Catholic Hmong mark 20 years at parish with Easter celebration

| April 7, 2015 | 0 Comments
Choua Yang receives Communion from Bishop Andrew Cozzens during Easter Sunday Mass April 5 at St. Vincent de Paul in St. Paul. The Mass also featured a celebration of the 20th anniversary of the Hmong presence at St. Vincent, which prompted Yang and others to come dressed in traditional Hmong attire. Dave Hrbacek/The Catholic Spirit

Choua Yang receives Communion from Bishop Andrew Cozzens during Easter Sunday Mass April 5 at St. Vincent de Paul in St. Paul. The Mass also featured a celebration of the 20th anniversary of the Hmong presence at St. Vincent, which prompted Yang and others to come dressed in traditional Hmong attire. Dave Hrbacek/The Catholic Spirit

Story cloths, for Hmong families, are hand-sewn histories.

Colorful threads intricately crafted into tapestries tell of episodes in the lives of mountain village families, how they lived, often how they survived.

Valued as art, story cloths are among the displays in the current exhibit at the Minnesota History Center, “We Are Hmong Minnesota.”

“Our house doesn’t have one,” Hillary Lor says matter-of-factly.

“Our house has a picture of Jesus and a crucifix.”

Hmong Catholics such as the Lor family are “a minority among minorities,” said Deacon Nao Kao Yang, who serves the Hmong Catholics who worship at St. Vincent de Paul in St. Paul. Of the estimated 100,000 Hmong who now live in Minnesota, some have retained animist beliefs, often connected to the afterlife of ancestors. Others are Christian, but not Catholic.

And yet, Hmong Catholics in Minnesota are the envy of those who have resettled in other parts of the United States, Deacon Yang said, because they have a church community to call home, St. Vincent de Paul, a mile or so northwest of the State Capitol in St. Paul’s Frogtown neighborhood.

“St. Vincent de Paul is an icon for Hmong Catholics throughout the country,” he said. “It’s a symbol of hope.”

Bishop Andrew Cozzens presided at Mass Easter Sunday at St. Vincent to celebrate the 20th anniversary of the Hmong Catholic ministry there.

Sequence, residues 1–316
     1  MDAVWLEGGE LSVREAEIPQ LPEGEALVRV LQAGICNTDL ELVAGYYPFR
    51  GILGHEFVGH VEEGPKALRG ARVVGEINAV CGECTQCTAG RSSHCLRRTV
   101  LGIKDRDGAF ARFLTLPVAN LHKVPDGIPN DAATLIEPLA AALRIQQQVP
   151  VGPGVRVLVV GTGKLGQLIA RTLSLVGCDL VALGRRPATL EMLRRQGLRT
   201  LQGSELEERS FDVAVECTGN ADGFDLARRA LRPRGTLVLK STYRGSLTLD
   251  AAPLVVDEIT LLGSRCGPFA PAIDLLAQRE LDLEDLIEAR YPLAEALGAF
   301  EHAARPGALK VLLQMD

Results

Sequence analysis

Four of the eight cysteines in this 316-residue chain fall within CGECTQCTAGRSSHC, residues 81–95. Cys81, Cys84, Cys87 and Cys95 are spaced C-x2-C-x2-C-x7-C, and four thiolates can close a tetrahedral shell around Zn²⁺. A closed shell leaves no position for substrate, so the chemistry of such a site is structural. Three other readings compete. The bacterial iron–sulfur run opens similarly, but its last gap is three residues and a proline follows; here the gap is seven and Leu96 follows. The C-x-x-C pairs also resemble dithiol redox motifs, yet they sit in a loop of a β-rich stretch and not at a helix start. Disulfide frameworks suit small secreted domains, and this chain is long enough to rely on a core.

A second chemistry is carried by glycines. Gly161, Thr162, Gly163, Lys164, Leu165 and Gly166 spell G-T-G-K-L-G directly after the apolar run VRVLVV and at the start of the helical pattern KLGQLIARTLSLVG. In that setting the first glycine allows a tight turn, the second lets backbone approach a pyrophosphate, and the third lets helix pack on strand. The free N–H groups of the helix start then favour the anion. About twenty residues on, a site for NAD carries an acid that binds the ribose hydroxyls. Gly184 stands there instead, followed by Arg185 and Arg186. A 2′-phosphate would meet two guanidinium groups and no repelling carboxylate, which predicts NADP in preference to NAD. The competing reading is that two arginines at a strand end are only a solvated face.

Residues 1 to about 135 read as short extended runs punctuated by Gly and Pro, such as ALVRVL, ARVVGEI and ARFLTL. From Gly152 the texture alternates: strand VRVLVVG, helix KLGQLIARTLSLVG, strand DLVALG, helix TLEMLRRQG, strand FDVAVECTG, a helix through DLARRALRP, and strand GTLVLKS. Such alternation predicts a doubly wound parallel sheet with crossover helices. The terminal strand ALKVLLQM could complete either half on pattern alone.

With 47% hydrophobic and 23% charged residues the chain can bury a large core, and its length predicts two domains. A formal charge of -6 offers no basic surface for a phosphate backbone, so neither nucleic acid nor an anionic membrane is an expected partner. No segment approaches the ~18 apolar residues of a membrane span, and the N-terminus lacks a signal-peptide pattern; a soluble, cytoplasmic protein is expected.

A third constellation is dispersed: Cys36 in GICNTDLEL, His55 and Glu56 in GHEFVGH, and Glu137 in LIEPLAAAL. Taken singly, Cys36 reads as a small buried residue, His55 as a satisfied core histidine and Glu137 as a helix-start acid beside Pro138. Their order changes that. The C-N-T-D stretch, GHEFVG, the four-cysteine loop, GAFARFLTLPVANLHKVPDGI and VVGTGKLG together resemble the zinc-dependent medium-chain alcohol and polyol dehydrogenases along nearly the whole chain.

The festivities continued after Mass with food and a program.

Hmong Catholics come to St. Vincent de Paul to worship from as far as Rogers, St. Michael and western Wisconsin, Deacon Yang said.

The Hmong began to arrive in the Twin Cities after the Communist takeover of Laos in 1975. Hmong had fought on the side of U.S. military in what has become known as the “Secret War” in Indochina, and they came to the United States with refugee status.

Deacon Yang left Laos in 1976. He became Catholic in 1986 and was ordained to the permanent diaconate in 1997.

Over the past 40 years this one-time refugee community has acculturated. Many Hmong who live in Minnesota are bilingual and speak English with no traceable accent.

“We can worship anywhere,” Deacon Yang said, “but at other parishes we might be lost in the crowd. When you are here you feel you have an identity. [Hmong Catholics] come here because they feel more at home.

“I think when you participate in Mass in your own language you tend to feel closer to God,” he added.

Initially the small Hmong Catholic community worshipped at St. Mary in St. Paul and at St. Leonard of Port Maurice in Minneapolis, but St. Vincent de Paul became a place for Hmong Catholics to call home in 1994.

In 2012, the parish merged with the Cathedral of St. Paul, but continues to hold a 9 a.m. Mass each week as a hub for Twin Cities-area Hmong Catholics.

Sunday Mass at St. Vincent de Paul accommodates the bilingual nature of the people in the pew.

Priests from the cathedral and the seminaries preside, leading prayer in English. A lector proclaims the readings in Hmong and Deacon Yang reads the Gospel and preaches in Hmong. Familiar English-language hymns are translated into Hmong or will alternate verses in English and Hmong.

Responses during the Mass are just as loud in English as they are in Hmong.

When Deacon Yang delivers the announcements at the close of the liturgy, he mostly speaks in Hmong, but repeats the message in English when it’s geared for younger parishioners, such as information about first communion or confirmation classes.

And, while Hmong Catholics are a minority among minorities, their 20-year-old St. Vincent de Paul community welcomes anyone interested in the faith, Deacon Yang said.

“We want St. Vincent de Paul to be a place of hope and love for others who want to know Jesus,” he said.

Hmong Catholics talk about their faith as they stroll through their history

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